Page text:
Wedding Photography Shot List


Do you need a wedding photography shot list for your wedding day? In my experience as a wedding photographer, that depends on a few things. You should probably bring a shot list to your big day if:

  • You have a very large family attending the wedding
  • You would like to get very  specific combinations of family and/or friends in your formal portraits
  • You have a number of specific wedding shots you would like to receive that aren't typical for all weddings

You likely do not need a wedding photography shot list if:

  • You prefer a more organic feel to your photos, and would like to see mostly candid shots of your wedding
  • You would rather not have formal, posed portraits taken with your family (or would like only a select few)
  • You have talked with your photographer about capturing your wedding in a more photojournalistic or documentary style


What Else Does My Photographer Need to Know about My Wedding Style?

Communicating well with your photographer before your wedding day is the number one thing you can do to ensure that you are ecstatic when you receive your professional photos. Any wedding photographer worth his salt will come with fresh ideas, help you with posing, and get all of the 'typical' wedding shots- photos of your rings, bouquets, shoes and invitations, first kiss, first dances, toasts, ceremony, final send off, etc. 

However, every bride and every wedding is a bit different and so it is important for the couple and the photographer to communicate their expectations clearly. Here are a few things your photographer needs to know to photograph your wedding.


Important Details for Your Wedding Photography Shot List

Are there elements to your wedding that are particularly important to you? Perhaps the necklace you are wearing belonged to your grandmother. Maybe your groom's cuff links belonged to his late father, and it's very important that they are documented. Details like this are unique to your wedding alone, so make sure to communicate these to your photographer so he/she knows to pay them extra attention.


What Do You Prefer to Leave out of Photos?

I've met plenty of brides who couldn't care less about receiving photos of their invitations and save-the-date cards. Some brides would rather we not spend any time photographing the kids who attend their wedding. Others would rather we skip photos of her pulling her dress on, and opt to dress in a private changing room instead. Take some time to look through others wedding photos (Pinterest is a great place to start!) and try to determine what type of things you keep seeing that you'd rather not have. Communicating this to your photographer in advance will ensure that you don't feel like you've received a number of photos that don't speak to you.


Family Details to Consider

Every family has its own intricacies, and these are the things your photographer needs to know about before the big day. Perhaps either the bride or groom's parents are divorced, and you suspect there will be some tension between them in the family portrait. Maybe one of the bride or groom's parents is remarried, and you'd like to have several sets of photos with the step parent and biological parent, but not in the same photo together. Or perhaps two members of your wedding party used to date, and you'd like to arrange the wedding party formals accordingly. As photographers, we have seen all of these things happen in weddings. Every family has it's own unique situation. Alerting your photographer in advance can make these situations go much smoother on your  wedding day, and you'll find that your guests feel more at ease too.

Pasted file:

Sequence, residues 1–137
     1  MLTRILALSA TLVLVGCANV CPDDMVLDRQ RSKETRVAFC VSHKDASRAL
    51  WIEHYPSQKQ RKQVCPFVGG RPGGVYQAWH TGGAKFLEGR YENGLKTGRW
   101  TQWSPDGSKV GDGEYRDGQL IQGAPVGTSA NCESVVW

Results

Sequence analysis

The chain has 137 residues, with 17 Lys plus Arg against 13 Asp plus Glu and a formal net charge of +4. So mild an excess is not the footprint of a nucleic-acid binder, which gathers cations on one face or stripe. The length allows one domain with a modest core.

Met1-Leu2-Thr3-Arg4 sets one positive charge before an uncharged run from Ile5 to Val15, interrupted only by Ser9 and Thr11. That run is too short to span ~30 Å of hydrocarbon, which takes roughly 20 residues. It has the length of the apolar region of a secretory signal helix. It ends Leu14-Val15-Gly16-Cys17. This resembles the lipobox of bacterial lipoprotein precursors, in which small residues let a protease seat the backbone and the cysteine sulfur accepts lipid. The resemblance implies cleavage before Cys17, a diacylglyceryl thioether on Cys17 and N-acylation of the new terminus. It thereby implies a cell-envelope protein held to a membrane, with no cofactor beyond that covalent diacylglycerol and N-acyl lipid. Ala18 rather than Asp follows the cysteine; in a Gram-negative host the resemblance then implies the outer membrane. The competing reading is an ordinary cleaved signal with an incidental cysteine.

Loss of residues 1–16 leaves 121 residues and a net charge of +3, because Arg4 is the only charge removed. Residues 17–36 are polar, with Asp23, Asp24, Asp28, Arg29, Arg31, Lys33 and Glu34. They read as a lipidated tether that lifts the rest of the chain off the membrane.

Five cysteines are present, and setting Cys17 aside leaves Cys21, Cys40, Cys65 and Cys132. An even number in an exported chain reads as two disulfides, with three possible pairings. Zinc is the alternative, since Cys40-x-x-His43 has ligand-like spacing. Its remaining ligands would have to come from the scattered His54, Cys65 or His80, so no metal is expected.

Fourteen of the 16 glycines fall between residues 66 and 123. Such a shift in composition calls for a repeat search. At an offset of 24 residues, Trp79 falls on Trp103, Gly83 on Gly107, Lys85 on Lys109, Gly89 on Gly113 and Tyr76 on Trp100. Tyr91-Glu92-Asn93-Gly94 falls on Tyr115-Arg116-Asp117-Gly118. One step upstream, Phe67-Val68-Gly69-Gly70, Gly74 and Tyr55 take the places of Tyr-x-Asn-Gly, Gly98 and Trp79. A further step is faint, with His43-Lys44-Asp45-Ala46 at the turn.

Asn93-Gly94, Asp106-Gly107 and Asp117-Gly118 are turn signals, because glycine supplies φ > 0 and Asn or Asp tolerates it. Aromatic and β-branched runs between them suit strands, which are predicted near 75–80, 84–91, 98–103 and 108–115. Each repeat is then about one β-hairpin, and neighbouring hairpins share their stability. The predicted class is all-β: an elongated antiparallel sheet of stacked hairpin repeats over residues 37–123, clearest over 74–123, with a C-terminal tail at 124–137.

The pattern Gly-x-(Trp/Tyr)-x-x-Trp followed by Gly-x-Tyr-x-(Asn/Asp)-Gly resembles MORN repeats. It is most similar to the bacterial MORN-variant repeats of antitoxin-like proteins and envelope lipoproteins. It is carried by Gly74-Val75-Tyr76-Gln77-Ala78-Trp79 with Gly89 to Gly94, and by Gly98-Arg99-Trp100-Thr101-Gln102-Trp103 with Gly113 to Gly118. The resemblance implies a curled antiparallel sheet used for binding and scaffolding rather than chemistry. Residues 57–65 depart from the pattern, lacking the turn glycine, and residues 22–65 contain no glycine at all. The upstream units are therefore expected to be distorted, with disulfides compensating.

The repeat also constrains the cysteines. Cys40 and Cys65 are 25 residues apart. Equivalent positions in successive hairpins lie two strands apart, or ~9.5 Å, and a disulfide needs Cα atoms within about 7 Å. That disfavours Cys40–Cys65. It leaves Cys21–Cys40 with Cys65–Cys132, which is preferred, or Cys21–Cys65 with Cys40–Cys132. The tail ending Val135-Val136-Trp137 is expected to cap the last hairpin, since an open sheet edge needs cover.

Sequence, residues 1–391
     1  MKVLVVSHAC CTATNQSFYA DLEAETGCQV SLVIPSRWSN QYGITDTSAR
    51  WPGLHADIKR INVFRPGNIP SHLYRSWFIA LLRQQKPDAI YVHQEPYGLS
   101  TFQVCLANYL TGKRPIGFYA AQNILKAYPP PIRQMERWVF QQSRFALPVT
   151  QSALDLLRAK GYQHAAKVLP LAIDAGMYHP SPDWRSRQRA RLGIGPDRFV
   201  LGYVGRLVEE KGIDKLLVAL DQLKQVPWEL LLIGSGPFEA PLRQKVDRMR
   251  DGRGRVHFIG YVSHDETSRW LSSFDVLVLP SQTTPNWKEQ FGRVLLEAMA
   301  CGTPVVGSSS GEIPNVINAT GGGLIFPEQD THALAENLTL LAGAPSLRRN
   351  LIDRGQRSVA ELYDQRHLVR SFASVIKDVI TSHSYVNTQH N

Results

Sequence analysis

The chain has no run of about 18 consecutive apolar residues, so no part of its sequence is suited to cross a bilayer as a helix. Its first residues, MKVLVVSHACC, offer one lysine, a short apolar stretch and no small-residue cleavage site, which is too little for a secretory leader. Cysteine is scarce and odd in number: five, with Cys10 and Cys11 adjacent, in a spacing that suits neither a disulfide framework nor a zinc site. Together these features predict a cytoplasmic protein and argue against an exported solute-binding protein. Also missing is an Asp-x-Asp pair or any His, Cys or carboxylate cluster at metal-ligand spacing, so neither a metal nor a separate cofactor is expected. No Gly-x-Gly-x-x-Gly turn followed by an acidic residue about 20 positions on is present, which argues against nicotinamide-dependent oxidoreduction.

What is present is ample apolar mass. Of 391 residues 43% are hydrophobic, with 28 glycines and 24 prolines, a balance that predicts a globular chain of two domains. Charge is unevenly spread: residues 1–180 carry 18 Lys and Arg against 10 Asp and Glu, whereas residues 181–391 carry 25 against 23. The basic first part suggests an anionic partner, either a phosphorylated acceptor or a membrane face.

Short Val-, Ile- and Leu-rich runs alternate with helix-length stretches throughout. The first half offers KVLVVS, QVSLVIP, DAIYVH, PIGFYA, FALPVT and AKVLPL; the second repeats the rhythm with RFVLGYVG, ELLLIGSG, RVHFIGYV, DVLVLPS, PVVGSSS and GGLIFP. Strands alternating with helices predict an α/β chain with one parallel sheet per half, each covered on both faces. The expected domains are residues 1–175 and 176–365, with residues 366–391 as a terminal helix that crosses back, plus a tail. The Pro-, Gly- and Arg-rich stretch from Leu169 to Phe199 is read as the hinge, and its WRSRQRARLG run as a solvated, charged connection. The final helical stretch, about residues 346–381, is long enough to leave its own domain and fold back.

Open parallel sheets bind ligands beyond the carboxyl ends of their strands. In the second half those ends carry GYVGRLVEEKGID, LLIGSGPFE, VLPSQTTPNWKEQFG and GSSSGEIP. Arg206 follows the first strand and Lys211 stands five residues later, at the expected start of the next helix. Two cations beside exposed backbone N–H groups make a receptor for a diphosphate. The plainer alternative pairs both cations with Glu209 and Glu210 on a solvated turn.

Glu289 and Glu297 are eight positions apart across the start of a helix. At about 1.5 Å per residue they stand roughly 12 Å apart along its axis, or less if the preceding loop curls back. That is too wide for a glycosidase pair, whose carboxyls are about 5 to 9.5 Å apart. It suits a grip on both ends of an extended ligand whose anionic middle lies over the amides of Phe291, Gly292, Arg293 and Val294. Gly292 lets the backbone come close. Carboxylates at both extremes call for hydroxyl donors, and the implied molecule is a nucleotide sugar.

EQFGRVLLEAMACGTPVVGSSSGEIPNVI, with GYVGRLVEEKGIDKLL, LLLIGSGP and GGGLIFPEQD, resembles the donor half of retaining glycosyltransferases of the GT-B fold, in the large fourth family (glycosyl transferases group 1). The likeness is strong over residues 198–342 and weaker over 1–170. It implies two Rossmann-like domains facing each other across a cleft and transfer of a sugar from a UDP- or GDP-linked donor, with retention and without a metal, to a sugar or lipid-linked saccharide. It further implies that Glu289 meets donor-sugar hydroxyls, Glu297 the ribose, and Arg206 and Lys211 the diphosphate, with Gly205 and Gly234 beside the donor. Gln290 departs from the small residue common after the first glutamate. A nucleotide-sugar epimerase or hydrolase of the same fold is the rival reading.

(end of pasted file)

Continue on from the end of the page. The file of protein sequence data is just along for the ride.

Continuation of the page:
General Expectations for Your Photographer

There are certainly a lot of details to cover with your wedding photographer, but please don't forget this last one! Setting general expectations regarding your photos and your experience with the photographer in advance is critical. A wedding photography shot list can help, but it is certainly not the whole picture. Try to envision yourself receiving your photos for the first time. What are you hoping to see? Would you prefer lots of photos of your guests talking and laughing, or just a handful? Do you really love and want close up photos of your table settings, or do you find these to be rather unimportant? Are formal portraits important to you? Would you rather not spend much time standing for posed shots? Would you like your photographer to focus heavily on the details of your day (rings, tables, venue shots, close up details of your dress and hair pins)? Are candid shots of you and your groom the most important part to you?


Below is a sample wedding photography shot list. It is always a good idea to customize your shot list to meet your needs, and to communicate this to your photographer in advance of the big day!

Wedding Photography Shot List


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Contact Us - Questions & Bookings

(503) 396-9075

aminta@wildfoxweddings.com

Wild Fox Weddings provides beautiful wedding and engagement photography, boudoir photo shoots, custom wedding packages, and pre-wedding photography in Portland, Oregon. We gladly support LGBTQ weddings and ceremonies. 

Oregon based wedding photography includes Bend, Salem, Springfield, Eugene, Corvallis, Seaside, Oregon City, Medford, Grants Pass, Roseburg, Oregon Coast, and Eastern Oregon. We also serve many parts of Washington, including Vancouver, Seattle, Kent, Bellevue, Renton, and Olympia.

We are available to travel- please contact us for details on your area.